Meanwhile, in the Isle of Man, we have the airport, an entity directly employing over 100 people generating a wage bill, which when coupled with its intrinsic pension liability, could exceed £15 million sterling per annum.

Even so, many functions are being outsourced to companies like Resource, which employs yet more staff at a cost to the taxpayer.

The building at Ronaldsway was expanded at the turn of the century, just as a downturn in the finance sector, and a reduction in the growth of air travel, meant spare capacity.

Meanwhile, awash with cash, the Isle of Man Government ploughed in tens of millions into capital projects to to improve its services and retain the coveted ‘domestic’ status.

(This allows Manx passengers to undergo minimum passport controls and baggage screening when they arrive in the UK.)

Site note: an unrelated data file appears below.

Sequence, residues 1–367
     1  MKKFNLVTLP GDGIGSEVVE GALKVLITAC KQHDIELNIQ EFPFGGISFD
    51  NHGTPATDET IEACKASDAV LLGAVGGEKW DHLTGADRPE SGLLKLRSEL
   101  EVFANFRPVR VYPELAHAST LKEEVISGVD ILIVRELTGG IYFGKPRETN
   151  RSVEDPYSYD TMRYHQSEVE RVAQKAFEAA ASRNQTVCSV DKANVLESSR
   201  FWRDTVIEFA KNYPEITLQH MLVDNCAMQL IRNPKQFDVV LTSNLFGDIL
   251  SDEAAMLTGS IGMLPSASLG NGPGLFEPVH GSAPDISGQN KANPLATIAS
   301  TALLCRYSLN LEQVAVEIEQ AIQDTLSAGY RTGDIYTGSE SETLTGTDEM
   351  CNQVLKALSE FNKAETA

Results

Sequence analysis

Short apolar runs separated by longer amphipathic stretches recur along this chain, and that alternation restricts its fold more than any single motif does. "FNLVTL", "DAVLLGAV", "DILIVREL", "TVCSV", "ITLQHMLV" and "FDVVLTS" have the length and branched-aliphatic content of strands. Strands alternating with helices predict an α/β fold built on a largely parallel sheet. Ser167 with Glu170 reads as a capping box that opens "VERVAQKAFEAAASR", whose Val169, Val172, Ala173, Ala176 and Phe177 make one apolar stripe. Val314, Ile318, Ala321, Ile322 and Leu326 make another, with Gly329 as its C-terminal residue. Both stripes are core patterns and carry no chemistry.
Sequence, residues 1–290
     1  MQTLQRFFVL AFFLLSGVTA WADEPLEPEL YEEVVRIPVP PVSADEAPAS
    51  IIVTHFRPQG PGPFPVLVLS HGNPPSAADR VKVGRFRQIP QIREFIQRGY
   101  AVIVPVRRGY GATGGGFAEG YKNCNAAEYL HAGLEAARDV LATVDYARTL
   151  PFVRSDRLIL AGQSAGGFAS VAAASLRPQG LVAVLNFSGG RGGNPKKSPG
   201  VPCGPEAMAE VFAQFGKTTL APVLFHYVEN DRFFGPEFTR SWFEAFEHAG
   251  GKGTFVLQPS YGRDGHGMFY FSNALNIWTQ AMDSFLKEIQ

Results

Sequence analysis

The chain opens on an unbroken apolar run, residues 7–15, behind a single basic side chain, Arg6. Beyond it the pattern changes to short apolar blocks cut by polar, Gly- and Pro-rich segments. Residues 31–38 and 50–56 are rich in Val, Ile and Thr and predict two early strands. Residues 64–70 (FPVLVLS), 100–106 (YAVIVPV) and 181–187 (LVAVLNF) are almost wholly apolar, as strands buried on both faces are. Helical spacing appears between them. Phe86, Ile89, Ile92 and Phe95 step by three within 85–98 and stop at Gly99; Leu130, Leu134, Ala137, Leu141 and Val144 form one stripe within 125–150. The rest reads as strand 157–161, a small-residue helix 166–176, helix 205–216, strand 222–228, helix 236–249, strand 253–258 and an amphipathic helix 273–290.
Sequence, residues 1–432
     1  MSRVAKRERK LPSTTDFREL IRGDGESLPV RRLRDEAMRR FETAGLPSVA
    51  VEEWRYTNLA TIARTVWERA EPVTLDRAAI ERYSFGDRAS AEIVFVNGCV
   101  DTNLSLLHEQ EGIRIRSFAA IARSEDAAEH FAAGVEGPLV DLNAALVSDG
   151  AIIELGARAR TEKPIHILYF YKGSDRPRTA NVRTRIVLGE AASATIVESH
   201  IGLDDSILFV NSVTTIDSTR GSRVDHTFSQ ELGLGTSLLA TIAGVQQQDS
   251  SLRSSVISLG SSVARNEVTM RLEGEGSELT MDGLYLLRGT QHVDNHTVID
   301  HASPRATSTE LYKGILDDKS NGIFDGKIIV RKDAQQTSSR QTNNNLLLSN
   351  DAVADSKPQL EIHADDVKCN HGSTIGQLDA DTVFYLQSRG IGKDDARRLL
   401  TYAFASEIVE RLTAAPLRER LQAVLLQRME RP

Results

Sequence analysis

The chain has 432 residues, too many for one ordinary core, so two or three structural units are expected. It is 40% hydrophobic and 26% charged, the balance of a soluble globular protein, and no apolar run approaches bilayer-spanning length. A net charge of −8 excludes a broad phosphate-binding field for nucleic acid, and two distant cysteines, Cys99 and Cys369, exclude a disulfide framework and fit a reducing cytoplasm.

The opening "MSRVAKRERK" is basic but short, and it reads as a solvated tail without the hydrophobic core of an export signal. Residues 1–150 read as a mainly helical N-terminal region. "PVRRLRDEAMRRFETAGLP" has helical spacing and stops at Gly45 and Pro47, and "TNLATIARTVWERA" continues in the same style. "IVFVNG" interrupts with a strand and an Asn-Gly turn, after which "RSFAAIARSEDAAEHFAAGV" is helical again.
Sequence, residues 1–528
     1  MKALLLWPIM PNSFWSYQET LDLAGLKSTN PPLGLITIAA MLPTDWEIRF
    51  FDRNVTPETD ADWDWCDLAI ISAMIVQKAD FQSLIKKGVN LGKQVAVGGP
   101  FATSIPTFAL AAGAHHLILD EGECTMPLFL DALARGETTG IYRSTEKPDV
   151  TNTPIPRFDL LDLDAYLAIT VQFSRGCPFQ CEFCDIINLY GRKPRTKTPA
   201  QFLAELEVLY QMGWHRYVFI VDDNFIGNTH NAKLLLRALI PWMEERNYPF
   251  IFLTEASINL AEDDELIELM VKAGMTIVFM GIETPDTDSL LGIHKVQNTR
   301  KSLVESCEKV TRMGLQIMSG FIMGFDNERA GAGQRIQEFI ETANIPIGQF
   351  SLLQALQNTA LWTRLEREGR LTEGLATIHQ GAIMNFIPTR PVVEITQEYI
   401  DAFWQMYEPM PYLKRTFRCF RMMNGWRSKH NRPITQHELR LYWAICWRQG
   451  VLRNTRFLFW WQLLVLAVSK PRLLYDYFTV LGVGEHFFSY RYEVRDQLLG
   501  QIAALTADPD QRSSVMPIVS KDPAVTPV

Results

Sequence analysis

There was an expensive runway extension, a state-of-the-art radar at Turkeylands and the latest baggage scanning equipment.

The timing could not have been worse. Shortly after these projects were commissioned, EuroManx collapsed, and the number of planes landing and routes being serviced dropped.

A recent article in the Manx press highlighted that in the past year alone we have, (or are about to lose) 48 per cent of capacity on the London routes; Birmingham frequencies have dropped 40 per cent, whilst for Scotland, there is a projected loss of 85 per cent capacity.

Even the mainstay Liverpool and Manchester routes are not immune from the cutbacks with a capacity drop of 17 per cent. A total of nine routes have now gone, including East Midlands, Leeds, Norwich, Anglesey, Southampton, Bristol, Oxford, and Luton, and Edinburgh, many fear irretrievably.